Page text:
Security Scanning Requirements: But Why!?

Protecting web applications is an around-the-clock job. These days nearly everything that is connected to the Internet can be considered a target. Targeted attacks are designed to gather intelligence, steal citizen’s information, disrupt operations or even destroy critical infrastructure. As the threat landscape continues to worsen, government divisions are doing all they can to keep their web properties available and secure—this is where the security scanning requirements come into play.

While various network security technologies are good at protecting the network layer, a web application can be considered a point of entry for a potential attacker. Web applications are programs ran through an Internet browser to allow people to fill out forms or to perform specific actions such as applying for hunting licenses. An insecure application can be used to compromise more than the information managed by that system alone.  The insecure application can also be used to pivot the attack onto other systems and compromise information completely disconnected from that application’s scope.  Hackers now target the web application layer by injecting attacks through the forms and fields that are open to citizens.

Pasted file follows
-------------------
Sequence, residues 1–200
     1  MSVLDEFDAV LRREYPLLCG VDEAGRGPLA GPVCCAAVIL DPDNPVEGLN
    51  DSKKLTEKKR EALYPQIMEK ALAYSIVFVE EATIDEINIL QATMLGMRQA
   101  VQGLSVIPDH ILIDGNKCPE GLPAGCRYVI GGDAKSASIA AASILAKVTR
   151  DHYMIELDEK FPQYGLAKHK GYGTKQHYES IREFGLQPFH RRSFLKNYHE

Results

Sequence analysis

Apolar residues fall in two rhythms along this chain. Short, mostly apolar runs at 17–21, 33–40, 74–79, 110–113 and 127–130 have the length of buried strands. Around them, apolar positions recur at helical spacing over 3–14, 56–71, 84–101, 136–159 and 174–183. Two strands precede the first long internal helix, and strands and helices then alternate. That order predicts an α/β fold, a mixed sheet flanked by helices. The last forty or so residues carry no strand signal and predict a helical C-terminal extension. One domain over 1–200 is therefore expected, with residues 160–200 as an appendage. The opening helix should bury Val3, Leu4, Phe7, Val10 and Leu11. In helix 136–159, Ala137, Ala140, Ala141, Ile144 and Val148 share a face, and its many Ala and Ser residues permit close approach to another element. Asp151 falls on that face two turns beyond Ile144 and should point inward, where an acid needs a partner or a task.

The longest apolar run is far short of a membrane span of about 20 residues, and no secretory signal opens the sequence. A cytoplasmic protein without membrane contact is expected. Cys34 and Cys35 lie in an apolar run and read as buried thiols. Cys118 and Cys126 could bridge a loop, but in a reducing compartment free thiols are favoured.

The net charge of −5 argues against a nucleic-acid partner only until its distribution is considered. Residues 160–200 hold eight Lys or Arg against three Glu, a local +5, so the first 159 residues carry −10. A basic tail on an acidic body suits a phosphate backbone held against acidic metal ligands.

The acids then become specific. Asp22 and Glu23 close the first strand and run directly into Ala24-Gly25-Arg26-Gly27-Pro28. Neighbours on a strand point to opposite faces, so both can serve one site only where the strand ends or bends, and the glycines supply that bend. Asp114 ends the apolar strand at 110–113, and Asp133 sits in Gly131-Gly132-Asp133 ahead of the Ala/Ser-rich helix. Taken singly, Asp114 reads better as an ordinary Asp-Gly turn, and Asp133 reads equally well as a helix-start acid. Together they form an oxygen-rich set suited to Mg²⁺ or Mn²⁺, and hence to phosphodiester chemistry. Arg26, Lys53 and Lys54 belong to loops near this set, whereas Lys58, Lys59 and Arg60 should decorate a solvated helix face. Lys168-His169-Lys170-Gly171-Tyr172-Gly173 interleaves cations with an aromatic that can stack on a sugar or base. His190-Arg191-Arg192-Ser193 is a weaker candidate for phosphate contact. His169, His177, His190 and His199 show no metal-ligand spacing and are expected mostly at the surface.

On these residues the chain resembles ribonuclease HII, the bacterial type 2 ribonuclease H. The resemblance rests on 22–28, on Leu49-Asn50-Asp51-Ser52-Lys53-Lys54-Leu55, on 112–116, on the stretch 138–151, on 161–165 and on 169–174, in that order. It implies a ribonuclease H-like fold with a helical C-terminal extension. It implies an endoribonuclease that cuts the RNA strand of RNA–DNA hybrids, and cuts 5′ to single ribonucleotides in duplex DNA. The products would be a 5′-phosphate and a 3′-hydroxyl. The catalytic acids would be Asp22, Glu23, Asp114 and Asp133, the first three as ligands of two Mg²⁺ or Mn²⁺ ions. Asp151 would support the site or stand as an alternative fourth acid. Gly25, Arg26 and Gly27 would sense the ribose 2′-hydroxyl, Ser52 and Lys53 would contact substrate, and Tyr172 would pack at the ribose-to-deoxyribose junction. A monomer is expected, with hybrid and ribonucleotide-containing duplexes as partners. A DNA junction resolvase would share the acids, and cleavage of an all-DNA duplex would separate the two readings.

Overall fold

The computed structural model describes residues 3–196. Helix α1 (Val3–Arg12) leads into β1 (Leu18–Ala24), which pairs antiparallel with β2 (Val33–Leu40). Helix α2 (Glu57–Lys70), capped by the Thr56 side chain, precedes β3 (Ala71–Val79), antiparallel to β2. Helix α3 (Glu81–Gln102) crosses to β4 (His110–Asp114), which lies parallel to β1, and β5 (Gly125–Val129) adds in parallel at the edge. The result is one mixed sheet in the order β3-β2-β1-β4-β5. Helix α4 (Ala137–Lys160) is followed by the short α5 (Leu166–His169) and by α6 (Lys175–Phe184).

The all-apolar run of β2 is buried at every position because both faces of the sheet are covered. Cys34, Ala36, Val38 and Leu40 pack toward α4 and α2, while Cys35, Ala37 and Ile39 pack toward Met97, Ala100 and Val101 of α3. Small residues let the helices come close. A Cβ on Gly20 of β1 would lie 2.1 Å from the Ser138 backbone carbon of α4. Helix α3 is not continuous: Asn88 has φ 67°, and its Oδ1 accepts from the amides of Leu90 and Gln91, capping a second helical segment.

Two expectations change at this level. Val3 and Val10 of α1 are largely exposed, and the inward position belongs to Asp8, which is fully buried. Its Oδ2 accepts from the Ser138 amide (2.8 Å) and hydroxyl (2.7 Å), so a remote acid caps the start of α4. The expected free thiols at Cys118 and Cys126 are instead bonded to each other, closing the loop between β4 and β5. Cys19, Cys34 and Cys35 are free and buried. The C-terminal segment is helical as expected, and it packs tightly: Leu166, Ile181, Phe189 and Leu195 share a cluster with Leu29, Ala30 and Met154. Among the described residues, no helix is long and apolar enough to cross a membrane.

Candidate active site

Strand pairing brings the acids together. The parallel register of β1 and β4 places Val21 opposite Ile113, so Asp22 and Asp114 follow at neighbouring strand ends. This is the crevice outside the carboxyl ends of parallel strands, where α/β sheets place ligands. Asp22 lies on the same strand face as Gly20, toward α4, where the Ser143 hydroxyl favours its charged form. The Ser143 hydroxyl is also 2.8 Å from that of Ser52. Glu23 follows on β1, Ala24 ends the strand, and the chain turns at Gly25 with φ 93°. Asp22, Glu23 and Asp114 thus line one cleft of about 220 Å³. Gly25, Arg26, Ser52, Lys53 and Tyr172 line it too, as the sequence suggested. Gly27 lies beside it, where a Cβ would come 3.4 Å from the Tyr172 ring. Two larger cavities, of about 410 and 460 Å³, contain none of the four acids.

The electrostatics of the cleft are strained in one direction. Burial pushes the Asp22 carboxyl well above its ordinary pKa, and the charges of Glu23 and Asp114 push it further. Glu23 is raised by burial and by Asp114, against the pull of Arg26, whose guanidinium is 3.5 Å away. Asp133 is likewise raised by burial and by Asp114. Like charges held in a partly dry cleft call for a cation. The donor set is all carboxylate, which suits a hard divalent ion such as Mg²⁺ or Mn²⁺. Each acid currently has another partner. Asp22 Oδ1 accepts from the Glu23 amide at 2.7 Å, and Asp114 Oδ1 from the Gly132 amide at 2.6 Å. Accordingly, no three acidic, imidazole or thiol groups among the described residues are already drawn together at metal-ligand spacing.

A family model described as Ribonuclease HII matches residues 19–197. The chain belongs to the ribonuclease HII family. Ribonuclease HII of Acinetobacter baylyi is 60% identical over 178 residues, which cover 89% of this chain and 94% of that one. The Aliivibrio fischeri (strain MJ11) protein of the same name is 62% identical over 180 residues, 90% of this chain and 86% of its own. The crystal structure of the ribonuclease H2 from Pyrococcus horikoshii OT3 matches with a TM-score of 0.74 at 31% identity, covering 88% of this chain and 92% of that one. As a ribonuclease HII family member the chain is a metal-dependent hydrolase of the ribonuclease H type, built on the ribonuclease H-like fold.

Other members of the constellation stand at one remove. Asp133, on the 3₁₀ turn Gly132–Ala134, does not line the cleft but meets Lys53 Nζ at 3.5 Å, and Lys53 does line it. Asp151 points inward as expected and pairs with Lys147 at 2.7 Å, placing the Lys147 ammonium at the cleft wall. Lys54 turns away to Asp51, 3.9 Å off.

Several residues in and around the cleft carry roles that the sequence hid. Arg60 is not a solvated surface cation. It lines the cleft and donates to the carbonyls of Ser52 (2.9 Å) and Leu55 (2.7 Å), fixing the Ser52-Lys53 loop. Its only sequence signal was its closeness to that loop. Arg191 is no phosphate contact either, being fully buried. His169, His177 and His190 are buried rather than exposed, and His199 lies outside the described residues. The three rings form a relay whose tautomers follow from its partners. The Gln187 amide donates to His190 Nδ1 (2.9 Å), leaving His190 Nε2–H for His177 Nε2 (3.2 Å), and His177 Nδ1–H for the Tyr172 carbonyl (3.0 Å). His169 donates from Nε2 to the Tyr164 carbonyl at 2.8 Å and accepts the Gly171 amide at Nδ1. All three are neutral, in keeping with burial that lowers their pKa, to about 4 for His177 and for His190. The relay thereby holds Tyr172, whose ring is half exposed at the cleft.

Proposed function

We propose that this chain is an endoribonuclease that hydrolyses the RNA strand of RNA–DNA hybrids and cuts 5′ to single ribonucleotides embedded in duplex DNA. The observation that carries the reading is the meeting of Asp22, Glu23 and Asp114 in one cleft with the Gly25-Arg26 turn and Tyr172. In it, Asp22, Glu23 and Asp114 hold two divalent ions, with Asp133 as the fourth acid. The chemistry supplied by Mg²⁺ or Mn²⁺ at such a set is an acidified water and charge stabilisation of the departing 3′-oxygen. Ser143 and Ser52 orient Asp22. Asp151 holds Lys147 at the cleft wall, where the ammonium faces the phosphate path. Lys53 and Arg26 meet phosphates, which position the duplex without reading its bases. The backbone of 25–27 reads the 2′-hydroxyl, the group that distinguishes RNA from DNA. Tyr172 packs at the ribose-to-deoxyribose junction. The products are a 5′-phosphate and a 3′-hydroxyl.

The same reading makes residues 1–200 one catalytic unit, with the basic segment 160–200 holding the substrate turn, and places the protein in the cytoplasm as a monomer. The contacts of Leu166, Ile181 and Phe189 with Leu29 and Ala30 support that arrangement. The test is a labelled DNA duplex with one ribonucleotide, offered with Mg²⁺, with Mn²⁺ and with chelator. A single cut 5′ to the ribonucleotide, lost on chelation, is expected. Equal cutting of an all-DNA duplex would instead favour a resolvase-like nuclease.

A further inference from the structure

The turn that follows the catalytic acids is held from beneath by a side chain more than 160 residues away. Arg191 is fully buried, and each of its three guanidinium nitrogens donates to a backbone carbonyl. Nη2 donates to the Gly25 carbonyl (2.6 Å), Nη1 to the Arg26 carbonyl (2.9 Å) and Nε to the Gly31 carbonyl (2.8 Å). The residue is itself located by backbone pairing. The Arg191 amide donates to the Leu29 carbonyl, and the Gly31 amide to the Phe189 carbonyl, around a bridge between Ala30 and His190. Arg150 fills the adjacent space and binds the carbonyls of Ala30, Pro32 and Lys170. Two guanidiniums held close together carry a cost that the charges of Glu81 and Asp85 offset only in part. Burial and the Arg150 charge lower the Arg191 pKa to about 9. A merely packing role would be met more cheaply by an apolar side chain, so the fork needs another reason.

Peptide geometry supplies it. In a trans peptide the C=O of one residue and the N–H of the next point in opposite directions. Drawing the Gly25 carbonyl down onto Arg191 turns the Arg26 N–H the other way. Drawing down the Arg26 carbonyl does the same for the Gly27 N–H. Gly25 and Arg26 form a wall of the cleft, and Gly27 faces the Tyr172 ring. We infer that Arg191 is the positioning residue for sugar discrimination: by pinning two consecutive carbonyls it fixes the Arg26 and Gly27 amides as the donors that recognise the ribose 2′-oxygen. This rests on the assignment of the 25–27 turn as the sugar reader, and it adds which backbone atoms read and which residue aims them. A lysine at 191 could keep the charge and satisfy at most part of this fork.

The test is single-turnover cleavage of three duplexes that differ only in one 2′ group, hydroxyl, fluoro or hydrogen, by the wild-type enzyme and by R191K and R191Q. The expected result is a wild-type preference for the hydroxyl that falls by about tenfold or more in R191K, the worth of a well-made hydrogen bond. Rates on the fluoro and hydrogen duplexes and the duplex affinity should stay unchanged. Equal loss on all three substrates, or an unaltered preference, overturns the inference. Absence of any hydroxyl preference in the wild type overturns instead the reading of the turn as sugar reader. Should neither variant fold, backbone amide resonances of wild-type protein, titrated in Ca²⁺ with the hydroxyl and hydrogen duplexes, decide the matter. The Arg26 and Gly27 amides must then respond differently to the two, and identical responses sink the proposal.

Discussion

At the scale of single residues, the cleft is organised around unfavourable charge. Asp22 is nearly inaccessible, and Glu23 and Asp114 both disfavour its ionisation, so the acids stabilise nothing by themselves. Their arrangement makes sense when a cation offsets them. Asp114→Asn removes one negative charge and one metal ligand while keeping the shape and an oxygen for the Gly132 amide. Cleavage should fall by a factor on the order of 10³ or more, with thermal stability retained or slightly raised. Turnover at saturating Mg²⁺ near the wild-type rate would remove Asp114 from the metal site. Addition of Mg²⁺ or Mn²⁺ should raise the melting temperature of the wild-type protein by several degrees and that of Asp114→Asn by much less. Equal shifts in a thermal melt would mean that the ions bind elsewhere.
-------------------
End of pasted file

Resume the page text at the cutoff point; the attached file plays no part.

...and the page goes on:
The South Dakota Bureau of Information and Telecommunication (BIT) requires the scans to not only protect the application in question but to protect the state infrastructure as a whole. (State infrastructure refers to the technology (hardware and software) that comprise the computer network, phone network, and connections to the Internet.) That is why BIT performs security scans for every web application or website deploying in a production environment (available for the public to use). These scans consist of attempts to gain control of the system or to gain access to the State’s data using a variety of tools and manual methods designed with one objective: attempt to exploit security vulnerabilities in an application in a safe test environment before it is deployed to the public.

As a general guideline, BIT normally (but does not always limit itself to) tests for the Open Web Application Security Project (OWASP) Top 10 vulnerabilities published at: This is not an all-inclusive list— cyber security is a never-ending battle. The bad guys advance, security professionals counter, bad guys cross over—and so the cat and mouse game continues. There are always new threats and attack vectors and BIT adjusts in real time to confront these new threats.

The need to properly secure web applications is absolute. Knowing what vulnerabilities exist within a web application helps government divisions contain possible points of exposure and safe guard citizen’s data. 

A special thanks goes out to Miguel Penaranda for providing us with this article!